This sounds like a school assignment. Sometimes you have to dump the grid and use your own sense of design and proportion. It also sounds like you are constricted to "forcing" the elements into a pre-fab grid system. I take it as almost a trick question. Here's what I would do. Forget the computer. Do a few sketch layouts in real space ( i.e., a few sheets of copy paper ). Perhaps work in a border or a couple of strong rules ( lines ). Let the text and the typography do the work for you. Perhaps take a look at different fonts and where you might use them for a balanced look. You have plenty of white space, so use it to your advantage. Grids are great for some things, not so great for others. Use your design ability to solve this one.
Well, the thing is, this poster is gonna be hung up at a public space where the design standards are very high, I don't want anybody to go "ooh look, he doesn't know how to use grids". Especially not Wim Crouwel, who is known to frequent around these parts.
The ungridded design is done though (using the font that's in the corporate profile of this public space), after all the idea is very simple, so I didn't struggle with that part.
But I want to use a grid, and I want it to be based on the golden ratio, kinda like this InDesign grid, except adapted for my layout. Any idea though?
I agree with John. I feel that forcing the minimal amount of text matter that you seem to have into a complex grid is, as they say, over-egging the pudding.
That doesn't help you much though does it? So, in my younger days, I was working in the print trade in the UK when the International Paper Sizes (A sizes) were introduced to replace the old British Standard sizes.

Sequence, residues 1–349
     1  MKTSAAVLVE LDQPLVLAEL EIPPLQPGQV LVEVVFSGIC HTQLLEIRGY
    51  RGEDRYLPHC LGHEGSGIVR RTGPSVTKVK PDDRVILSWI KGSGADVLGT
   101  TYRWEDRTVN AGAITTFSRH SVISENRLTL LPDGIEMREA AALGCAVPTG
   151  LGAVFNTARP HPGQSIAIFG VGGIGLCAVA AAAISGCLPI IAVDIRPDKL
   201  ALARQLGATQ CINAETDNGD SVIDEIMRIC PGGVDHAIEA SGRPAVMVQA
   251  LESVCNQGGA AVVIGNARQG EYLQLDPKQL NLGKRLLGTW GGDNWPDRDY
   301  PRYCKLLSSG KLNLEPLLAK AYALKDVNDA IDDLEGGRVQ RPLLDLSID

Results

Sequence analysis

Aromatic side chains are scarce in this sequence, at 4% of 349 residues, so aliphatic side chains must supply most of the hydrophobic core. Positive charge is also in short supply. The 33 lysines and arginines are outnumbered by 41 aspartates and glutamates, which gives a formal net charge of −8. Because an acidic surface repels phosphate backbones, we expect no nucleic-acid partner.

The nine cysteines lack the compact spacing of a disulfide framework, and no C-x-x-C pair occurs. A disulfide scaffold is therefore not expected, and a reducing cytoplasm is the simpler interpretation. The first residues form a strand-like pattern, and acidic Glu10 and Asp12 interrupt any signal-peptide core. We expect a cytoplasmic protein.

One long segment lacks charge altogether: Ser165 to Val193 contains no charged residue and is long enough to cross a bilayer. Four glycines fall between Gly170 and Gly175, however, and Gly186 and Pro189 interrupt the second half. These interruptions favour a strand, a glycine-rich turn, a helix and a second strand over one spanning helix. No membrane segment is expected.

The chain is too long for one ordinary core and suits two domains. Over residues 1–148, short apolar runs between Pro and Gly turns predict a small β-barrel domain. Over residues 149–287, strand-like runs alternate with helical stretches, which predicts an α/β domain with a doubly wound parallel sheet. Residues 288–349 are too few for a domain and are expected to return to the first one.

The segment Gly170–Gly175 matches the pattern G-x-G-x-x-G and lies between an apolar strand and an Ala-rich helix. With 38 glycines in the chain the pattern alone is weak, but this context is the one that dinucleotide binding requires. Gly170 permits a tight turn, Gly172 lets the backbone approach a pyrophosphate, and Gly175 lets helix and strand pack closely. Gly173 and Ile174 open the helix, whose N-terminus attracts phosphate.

The A paper sizes are root 2 rectangles (if the short side is 1, the long side is equal to the square root of 2 [roughly 1.4] or put another way, the long side is the diagonal of a square of the short side). It's not precisely Golden Ratio but it's close. One technique commonly used at the time was to exploit this relationship between the square and the A sizes by using the square of the short side (either from the top or the bottom) to divide the space. A variation on the theme is to use a circle (a circular picture/illustration/pattern for example) instead of a square.
In the illustration, 1 shows the basic divisions, upper and lower. In 2 the root 2 rectangle is divided using the upper square; the remaining area at the bottom comprises a square (a) and another root 2 rectangle (b). Area b can also be divided in a similar manner. These divisions were used to determine placement of and/or sizing/cropping of the elements of the design. The circle within the square is indicated by c.
That said, I would reinforce John's remarks about forcing things into a strict grid for the sake of it. Good design is hand, heart, eye and brain. The danger here is that you end up with all brain and no heart.
I got the same problem with trying to grid my A4 Ph.D. thesis in InDesign. I have no idea how to design a grid out of the complex specifications you just gave me.
I tried asking a similar question over at Stack Overflow but all the answers were TeX specific.
I know this ain't a job board - but is there any chance I could hire you to create some sort of golden ratio A4 grid for InDesign?